Regulation of cuticular hydrocarbon profile maturation by Drosophila tanning hormone, bursicon, and its interaction with desaturase activity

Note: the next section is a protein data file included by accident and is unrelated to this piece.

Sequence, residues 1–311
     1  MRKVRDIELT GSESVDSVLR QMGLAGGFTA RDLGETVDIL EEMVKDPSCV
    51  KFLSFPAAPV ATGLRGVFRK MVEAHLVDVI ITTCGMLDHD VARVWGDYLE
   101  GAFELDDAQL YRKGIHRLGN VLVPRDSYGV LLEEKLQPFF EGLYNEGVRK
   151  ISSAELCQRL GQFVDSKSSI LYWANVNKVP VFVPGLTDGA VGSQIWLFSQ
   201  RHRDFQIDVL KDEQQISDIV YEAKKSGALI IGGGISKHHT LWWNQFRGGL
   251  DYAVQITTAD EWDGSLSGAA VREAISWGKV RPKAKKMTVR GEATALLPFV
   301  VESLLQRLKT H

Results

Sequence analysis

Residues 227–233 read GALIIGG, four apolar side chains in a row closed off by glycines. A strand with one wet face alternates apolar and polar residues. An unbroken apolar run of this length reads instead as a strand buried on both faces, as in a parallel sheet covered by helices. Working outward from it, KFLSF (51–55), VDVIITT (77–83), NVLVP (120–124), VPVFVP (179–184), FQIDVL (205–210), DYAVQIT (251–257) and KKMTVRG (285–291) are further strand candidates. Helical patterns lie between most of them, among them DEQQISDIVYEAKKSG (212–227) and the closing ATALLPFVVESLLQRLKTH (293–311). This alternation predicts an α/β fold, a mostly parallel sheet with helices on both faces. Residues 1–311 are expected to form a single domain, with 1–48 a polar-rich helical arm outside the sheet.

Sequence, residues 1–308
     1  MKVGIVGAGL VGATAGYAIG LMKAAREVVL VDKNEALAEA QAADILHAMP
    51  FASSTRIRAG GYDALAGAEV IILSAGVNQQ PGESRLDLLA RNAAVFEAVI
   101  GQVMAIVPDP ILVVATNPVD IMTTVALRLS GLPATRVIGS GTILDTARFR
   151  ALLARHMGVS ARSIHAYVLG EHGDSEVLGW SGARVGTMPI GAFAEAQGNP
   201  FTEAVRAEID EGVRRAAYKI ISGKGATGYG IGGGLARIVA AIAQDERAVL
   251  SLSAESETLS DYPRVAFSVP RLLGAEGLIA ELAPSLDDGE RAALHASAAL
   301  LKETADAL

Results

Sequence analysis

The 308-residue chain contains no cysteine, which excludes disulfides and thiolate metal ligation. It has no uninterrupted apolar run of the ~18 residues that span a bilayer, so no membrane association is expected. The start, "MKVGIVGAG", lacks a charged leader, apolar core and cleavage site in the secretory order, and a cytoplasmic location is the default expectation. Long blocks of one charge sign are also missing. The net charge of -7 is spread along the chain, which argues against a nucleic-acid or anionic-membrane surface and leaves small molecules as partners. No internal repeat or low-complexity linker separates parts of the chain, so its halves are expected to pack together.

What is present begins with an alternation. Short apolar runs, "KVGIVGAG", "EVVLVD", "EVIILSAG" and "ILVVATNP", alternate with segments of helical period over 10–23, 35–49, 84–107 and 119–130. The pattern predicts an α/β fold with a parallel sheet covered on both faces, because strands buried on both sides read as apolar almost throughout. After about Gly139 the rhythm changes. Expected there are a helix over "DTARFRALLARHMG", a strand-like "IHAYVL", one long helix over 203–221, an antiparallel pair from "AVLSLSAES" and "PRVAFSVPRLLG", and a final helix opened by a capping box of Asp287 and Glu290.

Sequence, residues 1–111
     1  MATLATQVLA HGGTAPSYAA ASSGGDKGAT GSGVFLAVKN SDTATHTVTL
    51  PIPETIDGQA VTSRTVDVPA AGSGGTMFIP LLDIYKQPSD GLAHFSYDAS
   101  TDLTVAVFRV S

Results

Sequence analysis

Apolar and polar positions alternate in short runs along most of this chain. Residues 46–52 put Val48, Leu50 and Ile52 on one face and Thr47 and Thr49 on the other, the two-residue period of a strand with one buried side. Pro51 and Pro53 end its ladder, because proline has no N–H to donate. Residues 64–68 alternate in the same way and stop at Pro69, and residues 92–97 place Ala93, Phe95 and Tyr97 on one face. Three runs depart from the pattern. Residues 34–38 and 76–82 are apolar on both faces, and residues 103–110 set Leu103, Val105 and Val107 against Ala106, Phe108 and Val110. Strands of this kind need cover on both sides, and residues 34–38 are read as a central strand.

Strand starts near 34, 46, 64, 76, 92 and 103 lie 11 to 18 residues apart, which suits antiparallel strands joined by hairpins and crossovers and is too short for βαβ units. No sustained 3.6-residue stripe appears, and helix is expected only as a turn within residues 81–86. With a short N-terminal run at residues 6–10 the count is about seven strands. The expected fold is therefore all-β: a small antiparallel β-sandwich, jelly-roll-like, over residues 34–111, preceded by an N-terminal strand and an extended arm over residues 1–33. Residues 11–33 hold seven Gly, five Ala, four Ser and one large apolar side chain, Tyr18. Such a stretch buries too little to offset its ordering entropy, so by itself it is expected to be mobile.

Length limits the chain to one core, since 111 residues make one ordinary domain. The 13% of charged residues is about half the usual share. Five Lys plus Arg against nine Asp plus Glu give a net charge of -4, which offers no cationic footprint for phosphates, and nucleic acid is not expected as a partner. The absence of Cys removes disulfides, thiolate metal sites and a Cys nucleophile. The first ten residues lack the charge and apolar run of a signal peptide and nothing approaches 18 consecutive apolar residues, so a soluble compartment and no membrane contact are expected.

Shortly after emergence the exoskeleton (cuticle) of adult insects is rapidly expanded, hardened (sclerotized), and pigmented (melanized). In parallel with this process, the oenocytes, which are large polyploid cells located below the abdominal epidermis, secrete onto the cuticle a cocktail of cuticular hydrocarbons (CHs) and waxes. These improve the waterproofing of the cuticle, and also provide important chemosensory and pheromonal cues linked with gender, age, and species differentiation. The hardening and pigmentation of the new cuticle are controlled by the neurohormone, bursicon, and its receptor, encoded by the DLGR2 receptor, rickets (rk); by contrast, little is known about the timecourse of changes in CH profile and about the role of bursicon in this process. Here we show in Drosophila that rk function is also required for the normal maturation of the fly's CH profile, with flies mutant for rk function showing dramatically elevated levels of CHs. Interestingly, this effect is mostly abrogated by mutations in the 119 desaturase encoded by the desaturasel gene, which introduces a first double bond into elongated fatty-acid chains, suggesting that desaturasel acts downstream of rk. In addition, flies mutant for rk showed changes in the absolute and relative levels of specific 7-monoenes (in males) and 7,11-dienes (in females). The fact that these differences in CH amounts were obtained using extractions of very different durations suggests that the particular CH profile of flies mutant for rk is not simply due to their unsclerotized cuticle but that bursicon may be involved in the process of CH biosynthesis itself.